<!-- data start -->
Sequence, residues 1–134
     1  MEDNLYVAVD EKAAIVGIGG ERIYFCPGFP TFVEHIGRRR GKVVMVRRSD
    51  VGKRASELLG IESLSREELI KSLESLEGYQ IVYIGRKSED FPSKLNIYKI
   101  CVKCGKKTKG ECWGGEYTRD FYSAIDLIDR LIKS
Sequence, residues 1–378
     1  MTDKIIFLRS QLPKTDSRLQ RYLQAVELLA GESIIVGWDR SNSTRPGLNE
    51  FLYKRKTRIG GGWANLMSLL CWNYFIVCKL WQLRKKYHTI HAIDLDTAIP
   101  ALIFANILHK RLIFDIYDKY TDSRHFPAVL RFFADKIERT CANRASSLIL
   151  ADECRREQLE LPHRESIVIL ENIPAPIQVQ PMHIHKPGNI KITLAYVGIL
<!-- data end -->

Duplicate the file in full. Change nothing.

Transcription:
Sequence, residues 1–134
     1  MEDNLYVAVD EKAAIVGIGG ERIYFCPGFP TFVEHIGRRR GKVVMVRRSD
    51  VGKRASELLG IESLSREELI KSLESLEGYQ IVYIGRKSED FPSKLNIYKI
   101  CVKCGKKTKG ECWGGEYTRD FYSAIDLIDR LIKS
Sequence, residues 1–378
     1  MTDKIIFLRS QLPKTDSRLQ RYLQAVELLA GESIIVGWDR SNSTRPGLNE
    51  FLYKRKTRIG GGWANLMSLL CWNYFIVCKL WQLRKKYHTI HAIDLDTAIP
   101  ALIFANILHK RLIFDIYDKY TDSRHFPAVL RFFADKIERT CANRASSLIL
   151  ADECRREQLE LPHRESIVIL ENIPAPIQVQ PMHIHKPGNI KITLAYVGIL